|Date Published||05 February 2015|
The Whispering City
When a prominent socialite is murdered, young journalist Ana Martí Noguer gets her first chance at a big story – and enters a ruthless world of corruption and violence which lies behind the glitz and glamour of Barcelona’s Fascist power brokers.
It is 1952 and Franco’s regime rules by terror and fear. Many people the government judges tainted and who were once prominent are no longer so. Life continues under a state-imposed cloud of apprehension. Secrets can literally be lethal.
Ana Marti is a young journalist, her writer father out of favour for his political views, her brother executed as a Communist. As a woman in a society where manliness is celebrated, all she is allowed to write is stories on society parties and fashion. But when one of the socialites she reported on is murdered and her paper’s crime writer is off sick, she gets her chance at some real reporting. Or so she thinks. Instead she is attached to the officer investigating the case to present the work of the inefficient, brutal and corrupt service in a light which reflects well on the regime.
Inspector Isidro Castro is heavy handed, under pressure, and, like most men Ana comes into contact with, not thrilled at the interference of a woman. In his Fascist – and very Spanish – world, there are only three roles for women, wife, mistress or whore. When Ana uncovers a clue the police have overlooked, and begins to investigate along with her cousin Beatriz, a linguistics specialist barred from working by her political leanings, Castro is by turns, patronising, furious and finally grudgingly admiring.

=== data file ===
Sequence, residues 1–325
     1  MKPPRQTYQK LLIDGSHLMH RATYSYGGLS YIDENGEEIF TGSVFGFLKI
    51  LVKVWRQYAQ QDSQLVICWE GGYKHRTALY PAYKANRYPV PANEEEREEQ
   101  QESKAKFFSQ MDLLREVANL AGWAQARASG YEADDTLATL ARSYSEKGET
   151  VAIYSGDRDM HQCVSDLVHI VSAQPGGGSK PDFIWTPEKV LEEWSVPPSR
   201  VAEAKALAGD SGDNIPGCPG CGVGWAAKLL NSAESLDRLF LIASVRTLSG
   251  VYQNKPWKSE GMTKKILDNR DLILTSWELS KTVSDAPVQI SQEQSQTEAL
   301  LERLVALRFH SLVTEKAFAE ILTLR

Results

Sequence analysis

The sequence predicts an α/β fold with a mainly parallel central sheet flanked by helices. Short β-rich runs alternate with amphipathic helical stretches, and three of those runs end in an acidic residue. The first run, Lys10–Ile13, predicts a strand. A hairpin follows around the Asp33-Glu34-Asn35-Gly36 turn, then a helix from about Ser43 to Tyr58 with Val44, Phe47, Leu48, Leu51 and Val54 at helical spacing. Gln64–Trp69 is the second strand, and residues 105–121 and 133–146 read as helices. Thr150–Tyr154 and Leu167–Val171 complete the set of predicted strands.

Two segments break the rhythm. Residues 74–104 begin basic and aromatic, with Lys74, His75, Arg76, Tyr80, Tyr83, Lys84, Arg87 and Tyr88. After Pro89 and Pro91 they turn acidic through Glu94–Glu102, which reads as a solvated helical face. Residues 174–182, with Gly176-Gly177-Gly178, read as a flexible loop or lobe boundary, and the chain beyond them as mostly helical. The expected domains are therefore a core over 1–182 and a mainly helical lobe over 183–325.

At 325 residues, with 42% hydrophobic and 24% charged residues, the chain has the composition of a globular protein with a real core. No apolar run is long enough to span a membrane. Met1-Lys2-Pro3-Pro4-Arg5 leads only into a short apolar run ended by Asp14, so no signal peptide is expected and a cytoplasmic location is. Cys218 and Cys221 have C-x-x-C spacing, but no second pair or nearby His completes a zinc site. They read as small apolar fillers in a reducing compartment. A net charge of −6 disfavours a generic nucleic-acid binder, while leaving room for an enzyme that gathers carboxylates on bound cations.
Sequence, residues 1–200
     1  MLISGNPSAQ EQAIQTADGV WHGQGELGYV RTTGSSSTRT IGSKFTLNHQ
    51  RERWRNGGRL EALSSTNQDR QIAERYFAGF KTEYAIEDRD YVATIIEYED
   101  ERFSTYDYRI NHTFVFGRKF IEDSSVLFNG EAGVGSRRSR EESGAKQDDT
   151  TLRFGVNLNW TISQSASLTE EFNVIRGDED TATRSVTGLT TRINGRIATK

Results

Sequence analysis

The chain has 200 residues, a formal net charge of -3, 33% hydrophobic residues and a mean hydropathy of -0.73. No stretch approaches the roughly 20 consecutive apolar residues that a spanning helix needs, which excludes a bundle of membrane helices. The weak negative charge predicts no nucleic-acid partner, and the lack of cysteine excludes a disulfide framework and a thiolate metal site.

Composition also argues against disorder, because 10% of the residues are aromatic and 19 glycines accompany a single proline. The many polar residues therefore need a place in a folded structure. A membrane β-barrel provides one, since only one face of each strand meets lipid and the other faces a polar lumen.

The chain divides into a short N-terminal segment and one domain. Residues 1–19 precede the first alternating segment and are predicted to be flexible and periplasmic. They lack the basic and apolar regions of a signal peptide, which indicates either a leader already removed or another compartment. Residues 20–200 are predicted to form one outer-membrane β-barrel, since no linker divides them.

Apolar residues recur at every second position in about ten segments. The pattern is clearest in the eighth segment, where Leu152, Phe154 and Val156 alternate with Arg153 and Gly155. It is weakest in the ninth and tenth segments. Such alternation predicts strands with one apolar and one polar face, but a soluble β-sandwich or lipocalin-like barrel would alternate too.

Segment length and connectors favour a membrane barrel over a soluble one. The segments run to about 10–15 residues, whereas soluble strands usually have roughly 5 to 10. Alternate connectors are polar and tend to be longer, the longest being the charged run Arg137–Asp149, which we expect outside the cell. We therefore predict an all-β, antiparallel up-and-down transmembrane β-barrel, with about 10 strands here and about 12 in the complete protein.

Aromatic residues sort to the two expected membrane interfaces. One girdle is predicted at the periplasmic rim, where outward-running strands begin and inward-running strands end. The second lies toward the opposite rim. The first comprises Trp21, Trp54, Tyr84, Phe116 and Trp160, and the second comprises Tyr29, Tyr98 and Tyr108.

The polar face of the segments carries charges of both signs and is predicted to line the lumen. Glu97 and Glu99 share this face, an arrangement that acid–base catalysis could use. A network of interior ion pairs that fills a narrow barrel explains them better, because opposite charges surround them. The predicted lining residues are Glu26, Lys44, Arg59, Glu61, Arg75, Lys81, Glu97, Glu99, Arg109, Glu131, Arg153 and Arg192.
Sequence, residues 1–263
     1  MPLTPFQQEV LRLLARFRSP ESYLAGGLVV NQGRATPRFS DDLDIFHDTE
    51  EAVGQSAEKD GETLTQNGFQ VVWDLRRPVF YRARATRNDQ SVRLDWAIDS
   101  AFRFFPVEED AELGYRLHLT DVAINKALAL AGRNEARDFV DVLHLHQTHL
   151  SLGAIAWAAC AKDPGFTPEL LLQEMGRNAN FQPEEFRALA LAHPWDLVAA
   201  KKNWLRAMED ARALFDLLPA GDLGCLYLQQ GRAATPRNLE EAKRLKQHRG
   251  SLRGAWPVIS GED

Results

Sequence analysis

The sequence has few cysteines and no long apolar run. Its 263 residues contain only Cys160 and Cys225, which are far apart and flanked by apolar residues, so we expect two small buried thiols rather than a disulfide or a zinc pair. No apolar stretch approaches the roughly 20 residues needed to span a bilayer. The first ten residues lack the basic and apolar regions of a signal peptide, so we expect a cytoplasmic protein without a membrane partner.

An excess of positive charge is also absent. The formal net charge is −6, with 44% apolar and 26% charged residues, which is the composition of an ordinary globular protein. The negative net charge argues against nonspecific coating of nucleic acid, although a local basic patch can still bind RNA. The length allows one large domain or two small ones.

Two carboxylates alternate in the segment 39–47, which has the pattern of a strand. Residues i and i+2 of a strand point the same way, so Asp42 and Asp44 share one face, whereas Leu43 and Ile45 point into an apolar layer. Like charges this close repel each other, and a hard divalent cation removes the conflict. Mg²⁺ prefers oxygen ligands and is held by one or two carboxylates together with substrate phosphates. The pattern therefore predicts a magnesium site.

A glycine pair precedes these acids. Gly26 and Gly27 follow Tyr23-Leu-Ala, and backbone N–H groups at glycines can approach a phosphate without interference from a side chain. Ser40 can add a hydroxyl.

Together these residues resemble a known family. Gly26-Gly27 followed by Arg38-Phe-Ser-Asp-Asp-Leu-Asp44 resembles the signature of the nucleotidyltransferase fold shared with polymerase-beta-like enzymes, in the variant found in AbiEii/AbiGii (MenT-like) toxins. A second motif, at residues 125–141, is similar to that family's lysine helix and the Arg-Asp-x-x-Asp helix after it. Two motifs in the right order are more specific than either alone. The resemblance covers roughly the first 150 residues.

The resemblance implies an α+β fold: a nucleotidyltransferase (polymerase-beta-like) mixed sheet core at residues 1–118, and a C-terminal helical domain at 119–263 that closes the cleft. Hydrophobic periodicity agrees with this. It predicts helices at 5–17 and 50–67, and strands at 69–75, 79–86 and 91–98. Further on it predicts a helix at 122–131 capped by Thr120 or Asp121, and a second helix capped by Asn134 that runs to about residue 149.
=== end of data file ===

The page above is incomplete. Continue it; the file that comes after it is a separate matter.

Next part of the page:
The clever and original story slowly expands from simple murder to an intriguing puzzle involving some of Barcelona’s corrupt and ruthless power brokers and a violent and spectacular ending.
Impatient readers may well carp at the story’s apparently leisurely early pace or be confused by the convolutions of Spanish family connections, but stick with it, it all has a part to play and the edgy sense of darkness and fear, a wealth of shady characters and an almost understated writing style give real depth to the story.
If Ana often comes across as a little naive at times, it is all part of a brilliantly written build-up which gradually screws up the tension while superbly conveying a very real feeling of time and place.
Those readers who have come across Carlos Ruiz Zafón or Rebecca Pawel will appreciate this latest addition to the list of Spanish writers. Those seeking a beautifully written, clever – and above all – very different, crime thriller, in a wonderfully portrayed period setting will not be disappointed either.
Reviewed 15 August 2015 by John Cleal